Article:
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Taking a systematic approach to managing food safety risk

04 February 2019

Fabrizio Tardioli comments on how to maintain effective control of food-borne pathogens in the production process. 

Food safety is a critical concern in food production. Every other element becomes secondary to the risk of a cross-contamination event. Risk can come from potentially pathogenic cross contaminations, or from cross-contamination that might alter the shelf life or the sensorial and quality parameters of a product.

There is no food production business that doesn’t have and ethical and legal responsibility to maintain the highest standards of hygiene. There is also no part of an operation where the threat is diminished. Statistics only confirm this: in 2015, 40% of food product recalls were due to microbiological contamination.

Improving analytical techniques and better detection systems, that were not previously available may explain why the number of cases of food-borne pathogens appears higher, but they are also the reason it is not a fair comparison. There is also the impact of an increased volume of controls applied both by the industry, the retailers and the authorities to take into account. Similarly, any comparison of recorded rates for Listeriosis in countries across Europe needs qualification. Figures convey the seriousness of the problem, yet simultaneously highlight the countries where systems of identification are more advanced and industry standards might be stricter, as much as they are a definitive indicator of any national hierarchy of risk.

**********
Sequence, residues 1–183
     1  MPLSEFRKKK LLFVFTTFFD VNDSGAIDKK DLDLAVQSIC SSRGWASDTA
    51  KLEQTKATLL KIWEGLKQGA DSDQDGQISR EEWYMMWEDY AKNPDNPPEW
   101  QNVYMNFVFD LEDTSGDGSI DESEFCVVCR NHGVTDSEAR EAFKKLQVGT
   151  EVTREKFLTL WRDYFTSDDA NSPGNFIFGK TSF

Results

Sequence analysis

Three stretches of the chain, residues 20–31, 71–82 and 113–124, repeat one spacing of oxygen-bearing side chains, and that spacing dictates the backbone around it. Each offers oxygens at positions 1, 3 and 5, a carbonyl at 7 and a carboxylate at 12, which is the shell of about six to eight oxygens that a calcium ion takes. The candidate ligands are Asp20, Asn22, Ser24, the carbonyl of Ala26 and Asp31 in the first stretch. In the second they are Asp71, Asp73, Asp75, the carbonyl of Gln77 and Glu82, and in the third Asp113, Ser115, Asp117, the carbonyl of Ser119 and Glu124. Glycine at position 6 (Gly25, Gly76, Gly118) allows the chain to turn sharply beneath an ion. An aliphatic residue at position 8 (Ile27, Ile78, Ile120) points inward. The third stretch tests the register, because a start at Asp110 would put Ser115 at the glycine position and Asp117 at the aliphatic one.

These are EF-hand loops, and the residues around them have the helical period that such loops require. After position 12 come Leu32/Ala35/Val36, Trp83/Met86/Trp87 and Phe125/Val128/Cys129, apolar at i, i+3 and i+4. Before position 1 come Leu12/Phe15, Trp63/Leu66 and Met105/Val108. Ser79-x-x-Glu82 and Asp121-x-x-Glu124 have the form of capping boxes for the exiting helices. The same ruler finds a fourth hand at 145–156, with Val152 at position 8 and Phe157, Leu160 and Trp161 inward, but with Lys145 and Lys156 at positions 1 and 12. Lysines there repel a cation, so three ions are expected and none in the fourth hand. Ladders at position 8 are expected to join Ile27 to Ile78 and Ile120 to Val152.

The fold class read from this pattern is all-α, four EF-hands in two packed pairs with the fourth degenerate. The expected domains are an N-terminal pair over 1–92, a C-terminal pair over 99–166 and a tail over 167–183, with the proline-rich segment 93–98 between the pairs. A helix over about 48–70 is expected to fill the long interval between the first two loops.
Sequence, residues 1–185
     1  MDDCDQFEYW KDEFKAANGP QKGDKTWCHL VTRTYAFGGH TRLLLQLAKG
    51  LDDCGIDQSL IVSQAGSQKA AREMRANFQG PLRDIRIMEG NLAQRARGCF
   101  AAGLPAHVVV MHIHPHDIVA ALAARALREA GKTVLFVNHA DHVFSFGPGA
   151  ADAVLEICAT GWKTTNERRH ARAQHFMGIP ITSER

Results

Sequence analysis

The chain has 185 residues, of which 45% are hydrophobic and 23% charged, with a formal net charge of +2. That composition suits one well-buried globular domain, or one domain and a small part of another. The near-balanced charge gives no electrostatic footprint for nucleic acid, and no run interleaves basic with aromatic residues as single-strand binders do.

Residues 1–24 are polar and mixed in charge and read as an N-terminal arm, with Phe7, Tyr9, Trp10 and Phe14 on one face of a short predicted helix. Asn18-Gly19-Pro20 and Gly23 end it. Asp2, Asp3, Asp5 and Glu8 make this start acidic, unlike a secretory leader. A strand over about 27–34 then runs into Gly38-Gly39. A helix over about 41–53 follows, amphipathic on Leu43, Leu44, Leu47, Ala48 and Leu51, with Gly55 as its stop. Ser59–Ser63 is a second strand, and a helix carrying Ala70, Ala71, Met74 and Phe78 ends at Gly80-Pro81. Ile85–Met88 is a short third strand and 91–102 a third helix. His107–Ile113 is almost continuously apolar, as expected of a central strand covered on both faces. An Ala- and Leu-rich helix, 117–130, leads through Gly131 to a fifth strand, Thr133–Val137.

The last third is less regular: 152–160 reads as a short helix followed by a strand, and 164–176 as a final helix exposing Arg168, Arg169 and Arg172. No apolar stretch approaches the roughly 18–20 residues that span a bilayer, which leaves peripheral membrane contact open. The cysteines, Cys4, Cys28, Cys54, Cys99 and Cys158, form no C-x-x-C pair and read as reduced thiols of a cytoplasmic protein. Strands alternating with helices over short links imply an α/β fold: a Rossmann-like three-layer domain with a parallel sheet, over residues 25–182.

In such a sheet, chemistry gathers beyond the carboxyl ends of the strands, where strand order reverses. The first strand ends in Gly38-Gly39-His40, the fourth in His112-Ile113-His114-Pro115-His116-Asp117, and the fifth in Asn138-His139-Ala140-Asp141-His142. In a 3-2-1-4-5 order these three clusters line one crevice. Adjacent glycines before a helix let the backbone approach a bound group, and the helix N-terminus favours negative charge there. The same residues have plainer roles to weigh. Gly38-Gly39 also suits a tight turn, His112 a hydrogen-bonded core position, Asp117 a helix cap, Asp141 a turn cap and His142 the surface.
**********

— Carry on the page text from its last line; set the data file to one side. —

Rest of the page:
There has been research to determine both the speed of, and potential for, contamination at a new chicken processing facility – initially declared completely free of Listeria – to determine how long it would take for Listeria to gain a presence and what would cause the spread. The risks become clear when results show that within four months, persistent strains of Listeria were established in the drains  and this remained despite having in place all Good Manufacturing Practices (GMPs) and control methods. The incoming chicken meat was the primary source and it was shown that Listeria could become easily aerosolised in the facility - even from an intermittent two second spray of water. 

Listeria
With Listeria there is no one single source of contamination that a food processing facility can concentrate on. If this were the case the focus of checks and controls would be a relatively straightforward process. However, listeria can contaminate final food products due to a number of different causes, such as an ineffective hygiene regime and where personal hygiene practices are not followed systematically amongst staff. With no discernible difference in food appearance and without a taste, or smell to help suggest that anything is untoward, contamination can continue to develop despite continued product refrigeration. It can also carry on growing in the processes of transportation, warehousing, or in-store display, to amplify the risk of illness for the consumer.